Hepatology highlights


  • Potential conflict of interest: Nothing to report.

Subsiding By Dividing

The outcome of toxin induced liver injury reflects a balance between killing and regeneration. Regenerating hepatocytes appear to be resistant to toxicity. Recent evidence suggests that dying hepatocytes release degradative enzymes, such as calpains, which spread the injury. Limaye et al. assessed the expression of calpastatin, an endogenous calpain inhibitor, in the resistance of dividing cells and its role in acetaminophen toxicity. CCl4, partial hepatectomy, and newborn rats with growing livers all exhibited increased calpastatin expression. To assess the importance of calpastatin, mice were treated with adenovirus containing calpastatin gene. Increased expression of calpastatin conferred resistance against acetaminophen (partial inhibition of injury and improved survival) without altering covalent binding. This work establishes an important protective role for calpastatin in inhibiting the participation of calpain in liver injury, and suggests that the resistance of dividing cells may be due to increased expression of calpastatin. However, other mechanisms of resistance may contribute in dividing cells. Also, it is not clear if overexpression of calpastatin is resisting the effects of intracellular or extracellular calpain. However, these investigators have previously shown that administration of a cell impermeant calpain inhibitor blocked the progression of acetaminophen toxicity as well as a permeant inhibitor, supporting the novel concept that the initial death of pericentral hepatocytes leads to killing of neighboring cells. Recent studies demonstrating the damaging role of Dnase-1, also released from dying cells, add support to this concept. (See HEPATOLOGY 2006;44:379-388.)

IL-15 and NKT Cells: Convergent Consequence Confounds Con A

NKT cells are known to play a pivotal role in Con A-induced liver injury. Since IL-15 is necessary for survival and homeostasis of NKT cells, Li et al. treated mice with IL-15 prior to administering Con A and observed marked protection (see Fig.). Proving that NKT cells are the target of IL-15, adoptive transfer of NKT cells from IL-15 treated mice to NKT depleted mice failed to restore Con A-injury while transfer of NKT cells from saline treated mice did restore susceptibility to Con A. In vitro treatment of NKT cells prior to transfer also inhibited the injury promoting activity in response to Con A indicating that IL-15 acts directly on these cells. This protection by IL-15 was associated with suppression of NKT-derived IL-4, IL-5, and TNF-α. Downregulation of IL-4 and IL-5 diminished downstream chemokines such as eotoxins and subsequent eosinophilic infiltration. This work provides added support for the role of NKT cells in liver injury from Con A. It remains to be seen what effect IL-15 and NKT cells will have on more clinically relevant liver diseases such as drug, viral, fatty liver and autoimmune diseases, especially when chronic inflammation is present. (See HEPATOLOGY 2006;43:1211-1219.)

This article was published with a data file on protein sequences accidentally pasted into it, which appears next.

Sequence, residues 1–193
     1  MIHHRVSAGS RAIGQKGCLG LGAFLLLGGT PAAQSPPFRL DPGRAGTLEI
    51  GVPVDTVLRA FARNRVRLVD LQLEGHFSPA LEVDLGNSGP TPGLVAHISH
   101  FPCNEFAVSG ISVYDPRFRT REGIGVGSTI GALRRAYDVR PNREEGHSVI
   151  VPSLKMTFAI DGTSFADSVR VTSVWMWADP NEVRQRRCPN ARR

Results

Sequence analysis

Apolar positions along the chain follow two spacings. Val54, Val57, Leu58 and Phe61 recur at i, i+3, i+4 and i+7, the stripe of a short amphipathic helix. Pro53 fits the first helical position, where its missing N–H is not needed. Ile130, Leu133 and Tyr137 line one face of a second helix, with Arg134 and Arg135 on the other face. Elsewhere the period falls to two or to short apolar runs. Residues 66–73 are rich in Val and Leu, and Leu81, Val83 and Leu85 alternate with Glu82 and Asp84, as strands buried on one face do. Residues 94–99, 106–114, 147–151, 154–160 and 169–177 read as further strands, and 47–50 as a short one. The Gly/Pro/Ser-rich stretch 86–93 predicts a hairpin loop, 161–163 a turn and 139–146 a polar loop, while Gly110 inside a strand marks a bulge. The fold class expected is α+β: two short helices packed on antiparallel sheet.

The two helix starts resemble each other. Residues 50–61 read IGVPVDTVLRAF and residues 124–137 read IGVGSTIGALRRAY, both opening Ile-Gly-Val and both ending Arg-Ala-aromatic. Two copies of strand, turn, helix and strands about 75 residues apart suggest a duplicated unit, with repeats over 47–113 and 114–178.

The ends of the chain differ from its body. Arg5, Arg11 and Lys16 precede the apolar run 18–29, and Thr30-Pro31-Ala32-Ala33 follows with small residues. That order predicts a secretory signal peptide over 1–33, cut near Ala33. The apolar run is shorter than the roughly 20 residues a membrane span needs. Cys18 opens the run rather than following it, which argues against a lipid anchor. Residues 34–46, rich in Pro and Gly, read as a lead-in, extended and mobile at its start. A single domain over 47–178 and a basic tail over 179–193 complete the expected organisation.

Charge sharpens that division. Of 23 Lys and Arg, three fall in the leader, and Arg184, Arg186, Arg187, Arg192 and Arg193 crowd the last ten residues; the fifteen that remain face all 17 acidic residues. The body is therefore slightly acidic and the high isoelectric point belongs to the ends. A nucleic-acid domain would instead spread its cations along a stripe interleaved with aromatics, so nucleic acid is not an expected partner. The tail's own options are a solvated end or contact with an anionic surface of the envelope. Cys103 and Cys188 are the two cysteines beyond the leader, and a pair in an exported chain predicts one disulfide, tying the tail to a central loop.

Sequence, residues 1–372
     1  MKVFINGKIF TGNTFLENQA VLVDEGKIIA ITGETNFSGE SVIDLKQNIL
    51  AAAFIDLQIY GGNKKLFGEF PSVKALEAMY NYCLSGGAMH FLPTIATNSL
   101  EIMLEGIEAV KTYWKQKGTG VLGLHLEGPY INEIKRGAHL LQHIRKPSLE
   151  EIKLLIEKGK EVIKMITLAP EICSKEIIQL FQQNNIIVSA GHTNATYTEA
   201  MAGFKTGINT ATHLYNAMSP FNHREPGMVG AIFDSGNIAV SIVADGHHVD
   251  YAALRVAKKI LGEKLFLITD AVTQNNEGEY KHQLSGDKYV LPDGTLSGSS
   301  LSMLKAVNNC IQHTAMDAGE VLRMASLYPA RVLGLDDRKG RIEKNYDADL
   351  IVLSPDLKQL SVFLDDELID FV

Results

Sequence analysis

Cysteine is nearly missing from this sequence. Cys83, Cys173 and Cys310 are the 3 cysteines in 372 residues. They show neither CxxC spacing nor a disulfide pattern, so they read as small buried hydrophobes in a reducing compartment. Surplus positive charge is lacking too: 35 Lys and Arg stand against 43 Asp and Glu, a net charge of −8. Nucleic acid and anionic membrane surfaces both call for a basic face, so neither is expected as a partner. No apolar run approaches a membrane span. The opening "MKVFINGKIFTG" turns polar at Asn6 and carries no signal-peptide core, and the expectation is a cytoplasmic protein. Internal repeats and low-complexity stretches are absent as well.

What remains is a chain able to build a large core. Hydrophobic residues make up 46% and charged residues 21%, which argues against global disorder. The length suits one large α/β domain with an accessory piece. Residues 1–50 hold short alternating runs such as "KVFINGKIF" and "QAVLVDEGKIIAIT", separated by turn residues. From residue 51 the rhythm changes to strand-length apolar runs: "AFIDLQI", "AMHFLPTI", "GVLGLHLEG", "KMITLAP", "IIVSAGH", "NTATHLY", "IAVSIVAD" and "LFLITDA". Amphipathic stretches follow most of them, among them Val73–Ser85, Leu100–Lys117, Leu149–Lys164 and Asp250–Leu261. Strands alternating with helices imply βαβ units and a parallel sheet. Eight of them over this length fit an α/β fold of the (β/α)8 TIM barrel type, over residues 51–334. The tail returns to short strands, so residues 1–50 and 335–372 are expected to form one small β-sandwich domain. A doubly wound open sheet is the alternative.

Illustration 1.

Killer Hepatocytes Fight Back

An intriguing question is whether hepatocytes can express FasL and then kill inflammatory cells that infiltrate the liver. Guy et al. detected comparable FasL mRNA and protein expression in human and woodchuck primary hepatocytes, whole liver, and lymphoid cells. The hepatocytes were able to kill P815 cells which could be blocked by monoclonal antibody to Fas. FasL was upregulated by IFNγ but not exogenous TNF and this was associated with enhanced cytotoxicity of P815 cells mediated by hepatocytes. Thus, normal hepatocytes express FasL and this can be upregulated by cytokines. Although the role of hepatocyte death ligand expression in pathophysiology of liver disease remains uncertain, a number of important possibilities can be considered. Aside from possible fraticide, i.e., killing of neighboring stressed hepatocytes, this may be a mechanism for destroying invading cytotoxic Tcells which could impair eradication of viral infections. (See HEPATOLOGY 2006;43:1231-1240.)

See Why P is Bad For U

There has been considerable interest in the role of CYP2e1 in the pathogenesis of both alcoholic and nonalcoholic steatohepatitis. CYP2e1 spontaneously generates reactive oxygen species and is induced by alcohol. Lu and Cederbaum addressed the role of increased CYP2e1 and its interplay with LPS (endotoxin), another factor implicated in liver disease, in an in vivo mouse model. Pyrazole (150 mg/kg) given for 2 days markedly induced CYP2e1, but caused no injury. LPS (4 mg/kg) alone also did not injure the liver. However, the combination caused significant serum ALT elevation, histological injury, caspase-3 activation and Tunel positive apoptotic hepatocytes (see Fig.). In addition, immunohistochemical evidence of nitrotyrosine and 4-hydroxy-2-nonenal adducts was seen in the combined treatment group reflecting increased nitrosative and oxidative stress. Chlormethiazole, a CYP2e1 inhibitor, provided partial protection by attenuating ALT and necrotic foci but not apoptotic cells or caspase-3 activity. In addition, CYP2e1−/−mice were resistant to the toxicity of pyrazole+LPS. This work suggests that CYP2e1 and LPS act synergistically to induce necrosis and apoptosis. Induction of CYP2e1 appears to sensitize the liver to LPS toxicity. The question remains as to what is the mechanism for the interaction between LPS and CYP2e1. Possibilities include additional oxidative/nitrosative stress from effects of LPS on Kupffer cells or other inflammatory cells or effects of TNF production. Either could increase hepatocyte oxidative/nitrosative stress in hepatocytes already stressed by increased CYP2e1. In addition, could pyrazole have CYP2e1 inductive or other effects in nonparenchymal cells, i.e., priming them to respond to LPS? (See HEPATOLOGY 2006;44:263-274.)